Entertainment

Henry, Alice are just like us: writer

Andrew Wheeler and Susinn McFarlen in the Arts Club Theatre production on Granville Island. Wheeler will reprise his role for the ACT tour, which stops in Coquitlam this and next month. Alice is played by Beatrice Zeilinger.  - EMILY COOPER PHOTO
Andrew Wheeler and Susinn McFarlen in the Arts Club Theatre production on Granville Island. Wheeler will reprise his role for the ACT tour, which stops in Coquitlam this and next month. Alice is played by Beatrice Zeilinger.
— image credit: EMILY COOPER PHOTO

Meet Henry and Alice Lane.

When playwright Michele Riml first introduced them at the Vancouver Fringe Festival in 2002, the couple was trying to rev up its 25-year marriage in a swanky hotel room.

Fast forward a decade and the pair are at each other’s throats again, this time about the state of their finances beside a campfire in the woods. Henry has lost his job and, as he spills the beans about how bad things are, Alice realizes they’ll have to slash their spending even more and axe their planned European vacations.

Riml said the economic pinch her protagonists face is a common story these days, especially as Canadian families are uncertain about their financial futures. “A lot of people are in the same situation,” the North Vancouver resident said. “Henry and Alice are middle-aged, he’s out of a job and the stresses of money are developing. It’s a very truthful scenario in today’s world.”

The Simon Fraser University grad said the topic will provoke many theatre-goers. As the drama unfolds, “they relate to what’s being said. They’re poking each other, nodding along. I hear sometimes there are big conversations on the road home.”

But for many, her show also brings a much-needed dose of comic relief. “People have a laugh because they see themselves on stage. They know they’re not alone,” said Riml, who has been married for eight years.

The marital woes of Henry and Alice arrived on stage in the romantic comedy Sexy Laundry. Then, time and raising children had taken a toll on their union and Alice was desperate to rekindle the passion. One weekend, she whisks her reluctant husband to a spa hotel along with some saucy material: lingerie, sex toys and a copy of Sex for Dummies.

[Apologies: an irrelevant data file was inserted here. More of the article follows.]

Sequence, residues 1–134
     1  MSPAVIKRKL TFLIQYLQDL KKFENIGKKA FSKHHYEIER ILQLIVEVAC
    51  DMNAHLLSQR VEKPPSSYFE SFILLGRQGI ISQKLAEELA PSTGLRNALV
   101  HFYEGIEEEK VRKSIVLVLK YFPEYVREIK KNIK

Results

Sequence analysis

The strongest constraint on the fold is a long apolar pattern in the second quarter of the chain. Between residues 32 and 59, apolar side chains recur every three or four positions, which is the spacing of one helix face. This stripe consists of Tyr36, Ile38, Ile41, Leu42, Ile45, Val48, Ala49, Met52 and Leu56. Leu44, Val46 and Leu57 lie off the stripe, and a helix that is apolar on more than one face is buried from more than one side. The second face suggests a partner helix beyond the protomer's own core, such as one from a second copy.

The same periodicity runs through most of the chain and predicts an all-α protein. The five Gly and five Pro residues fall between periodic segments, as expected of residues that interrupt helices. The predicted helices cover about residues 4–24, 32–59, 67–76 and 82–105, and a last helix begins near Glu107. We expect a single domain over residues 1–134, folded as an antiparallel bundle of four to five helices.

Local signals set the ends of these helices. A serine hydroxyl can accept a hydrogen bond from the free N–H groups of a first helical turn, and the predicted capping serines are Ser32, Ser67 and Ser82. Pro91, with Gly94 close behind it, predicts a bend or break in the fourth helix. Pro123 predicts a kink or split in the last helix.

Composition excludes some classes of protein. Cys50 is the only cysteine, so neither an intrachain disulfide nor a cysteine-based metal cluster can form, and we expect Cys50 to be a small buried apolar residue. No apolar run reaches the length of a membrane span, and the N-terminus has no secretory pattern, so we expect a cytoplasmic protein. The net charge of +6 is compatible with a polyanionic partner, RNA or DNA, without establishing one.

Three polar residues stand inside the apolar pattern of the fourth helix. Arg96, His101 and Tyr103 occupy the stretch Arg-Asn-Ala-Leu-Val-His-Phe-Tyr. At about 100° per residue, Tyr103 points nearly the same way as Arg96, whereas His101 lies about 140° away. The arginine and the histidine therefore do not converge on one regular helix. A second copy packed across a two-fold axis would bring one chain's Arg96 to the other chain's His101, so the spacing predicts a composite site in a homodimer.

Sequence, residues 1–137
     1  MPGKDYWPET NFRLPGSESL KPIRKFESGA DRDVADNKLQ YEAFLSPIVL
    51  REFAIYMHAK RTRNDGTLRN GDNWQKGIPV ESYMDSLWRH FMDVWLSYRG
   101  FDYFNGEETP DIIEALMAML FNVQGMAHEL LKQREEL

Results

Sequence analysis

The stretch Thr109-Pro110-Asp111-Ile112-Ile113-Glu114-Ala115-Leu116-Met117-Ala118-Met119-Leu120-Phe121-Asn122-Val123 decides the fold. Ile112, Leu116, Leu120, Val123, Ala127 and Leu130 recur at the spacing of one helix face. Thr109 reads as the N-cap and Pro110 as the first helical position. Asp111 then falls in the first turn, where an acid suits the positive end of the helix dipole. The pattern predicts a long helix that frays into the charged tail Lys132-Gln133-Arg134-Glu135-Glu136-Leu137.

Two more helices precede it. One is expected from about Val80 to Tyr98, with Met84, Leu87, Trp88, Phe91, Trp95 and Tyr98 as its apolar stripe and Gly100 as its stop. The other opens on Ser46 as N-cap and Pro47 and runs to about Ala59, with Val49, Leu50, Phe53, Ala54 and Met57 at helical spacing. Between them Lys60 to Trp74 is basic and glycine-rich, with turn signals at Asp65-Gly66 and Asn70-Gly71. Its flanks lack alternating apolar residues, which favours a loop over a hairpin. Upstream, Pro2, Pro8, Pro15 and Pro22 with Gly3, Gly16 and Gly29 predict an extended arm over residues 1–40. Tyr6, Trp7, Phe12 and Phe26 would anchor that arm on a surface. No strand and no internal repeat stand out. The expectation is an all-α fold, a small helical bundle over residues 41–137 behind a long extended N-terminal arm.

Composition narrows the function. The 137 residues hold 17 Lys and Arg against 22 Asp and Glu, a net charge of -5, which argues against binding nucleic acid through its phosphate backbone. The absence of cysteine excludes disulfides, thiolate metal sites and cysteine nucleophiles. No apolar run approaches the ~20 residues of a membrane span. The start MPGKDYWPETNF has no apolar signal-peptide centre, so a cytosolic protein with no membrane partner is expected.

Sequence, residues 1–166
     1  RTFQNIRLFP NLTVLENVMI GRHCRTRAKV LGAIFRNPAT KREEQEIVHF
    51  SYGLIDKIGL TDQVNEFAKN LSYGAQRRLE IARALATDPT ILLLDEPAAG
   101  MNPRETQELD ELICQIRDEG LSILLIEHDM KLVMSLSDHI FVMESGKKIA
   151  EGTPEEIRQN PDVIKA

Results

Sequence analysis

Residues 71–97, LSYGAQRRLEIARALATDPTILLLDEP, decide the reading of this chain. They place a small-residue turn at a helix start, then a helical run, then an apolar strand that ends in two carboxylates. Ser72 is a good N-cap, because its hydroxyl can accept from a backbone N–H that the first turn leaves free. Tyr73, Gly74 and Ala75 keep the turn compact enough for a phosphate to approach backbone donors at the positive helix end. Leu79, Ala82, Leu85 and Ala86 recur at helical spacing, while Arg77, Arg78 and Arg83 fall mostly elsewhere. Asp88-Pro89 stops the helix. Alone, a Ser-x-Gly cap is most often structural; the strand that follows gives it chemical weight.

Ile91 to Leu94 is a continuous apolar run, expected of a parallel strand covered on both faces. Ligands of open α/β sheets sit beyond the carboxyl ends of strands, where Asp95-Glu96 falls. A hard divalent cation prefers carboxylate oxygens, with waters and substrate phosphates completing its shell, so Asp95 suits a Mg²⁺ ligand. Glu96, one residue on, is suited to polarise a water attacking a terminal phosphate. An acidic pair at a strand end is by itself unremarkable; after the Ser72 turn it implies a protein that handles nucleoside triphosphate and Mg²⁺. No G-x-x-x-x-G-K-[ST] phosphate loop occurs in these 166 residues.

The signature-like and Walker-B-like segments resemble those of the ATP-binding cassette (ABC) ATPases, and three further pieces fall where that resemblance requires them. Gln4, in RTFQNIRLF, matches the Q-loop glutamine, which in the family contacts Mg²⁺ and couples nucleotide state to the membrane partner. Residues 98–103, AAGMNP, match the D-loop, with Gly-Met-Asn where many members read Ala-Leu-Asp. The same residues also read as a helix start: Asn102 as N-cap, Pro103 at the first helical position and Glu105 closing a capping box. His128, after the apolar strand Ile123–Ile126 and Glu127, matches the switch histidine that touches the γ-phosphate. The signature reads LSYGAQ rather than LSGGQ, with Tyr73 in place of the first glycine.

Riml said the sequel, Henry and Alice: Into the Wild, was born after a camping trip with her family to Osoyoos. And since the Arts Club Theatre premiered it in 2012 on its Granville Island stage, it has been remounted across Canada to rave reviews.

As for her next project, Riml is once again turning her focus on contemporary family, saying, “I like to see everyday struggles brought to life.”

Henry and Alice: Into the Wild runs at Coquitlam’s Evergreen Cultural Centre (1205 Pinetree Way) from Jan. 29 to Feb. 2 with six performances at 8 p.m. and a Saturday matinee at 4 p.m. As well, Michele Riml will lead a pre-show chat in the lower lobby on opening night at 7 p.m. Tickets are $39/$30/$15 through the ECC box office at 604-927-6555.

jwarren@tricitynews.com

 

 

We encourage an open exchange of ideas on this story's topic, but we ask you to follow our guidelines for respecting community standards. Personal attacks, inappropriate language, and off-topic comments may be removed, and comment privileges revoked, per our Terms of Use. Please see our FAQ if you have questions or concerns about using Facebook to comment.

You might like ...

Dancing dogs raise money for wildlife
 
Big Wheels Keep A’Rollin’
 
Cocktails and awkward conversation
Endangered frogs released into the wild
 
Young voices from Africa
 
Clooney, Cuaron, and Toronto should inspire Vancouver Film Festival
Interactive Christmas show big on audience participation
 
Sarah Hagan finds her key
 
Flights of fancy